Letter: A risky business (March 31, 2015)
Government takeover of privately owned water companies in California is a costly and risky business. Arguments for takeover usually involve rate competition between government and private water suppliers (California Public Utilities Commission versus local government control). California courts have apparently taken charge of this competition by ruling rates to be set by state engineers under a cost-of-service policy, thereby tending to normalize rate differences among the competitors.
Local governments try to use condemnation of private companies under eminent domain to establish in court that government would be a better source of management and if successful to seek fair market, court-ordered price for government purchase. Government takes the risk, given they initiate condemnation, of having to pay the legal costs for both parties in lengthy litigation such as … in Missoula, Montana. The risk of failure augers for a review of all known facts by a forensic accountant to determine the economic soundness of a potential filing, keeping in mind that FA findings are qualified in a court of law.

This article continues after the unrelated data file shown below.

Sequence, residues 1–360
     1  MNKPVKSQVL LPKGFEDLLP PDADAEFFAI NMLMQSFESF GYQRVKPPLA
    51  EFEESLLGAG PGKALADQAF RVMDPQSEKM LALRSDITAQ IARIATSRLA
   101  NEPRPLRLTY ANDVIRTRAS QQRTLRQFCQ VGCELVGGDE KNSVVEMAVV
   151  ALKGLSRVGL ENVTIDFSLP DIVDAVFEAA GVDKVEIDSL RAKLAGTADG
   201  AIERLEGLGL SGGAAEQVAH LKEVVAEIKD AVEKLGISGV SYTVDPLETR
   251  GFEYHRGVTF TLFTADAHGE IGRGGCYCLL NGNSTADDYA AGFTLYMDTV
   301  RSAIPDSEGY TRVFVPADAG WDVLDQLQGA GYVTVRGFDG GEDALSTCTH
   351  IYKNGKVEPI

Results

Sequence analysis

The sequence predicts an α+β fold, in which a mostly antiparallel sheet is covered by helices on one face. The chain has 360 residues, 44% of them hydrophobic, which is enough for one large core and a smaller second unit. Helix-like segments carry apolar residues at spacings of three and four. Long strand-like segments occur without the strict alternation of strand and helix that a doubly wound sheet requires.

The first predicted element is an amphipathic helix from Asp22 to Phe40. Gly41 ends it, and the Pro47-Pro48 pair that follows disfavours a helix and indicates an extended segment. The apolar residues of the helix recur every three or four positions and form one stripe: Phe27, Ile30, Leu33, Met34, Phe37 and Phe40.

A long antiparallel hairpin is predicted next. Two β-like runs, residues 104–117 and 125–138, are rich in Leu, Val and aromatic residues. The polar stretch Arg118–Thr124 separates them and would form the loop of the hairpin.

The reason such municipal purchases are popular in California and other states is because public money is fungible. This means that funds raised for one purpose can be expended for a different purpose. In order for this to work there has to be a large enough supply of money so some of it going
south is not likely to be missed. State and federal governments use such things as gasoline taxes raised for road improvements to regularly spend elsewhere.
There are remedies to this funding mischief. A firewall should be built within the municipal structure which segregates personnel, budgeting and operations from other municipal activities. Set this up to operate like a private business, making one person (Chief Operating Officer) responsible for ensuring that all funds raised are expended for the cost of water delivery and maintenance or credited back to the ratepayers. All personnel would charge their time to accounts solely funded for water service costs. In other words, make money unfungible.
Source: Richard C. Schappert, Apple Valley, Daily Press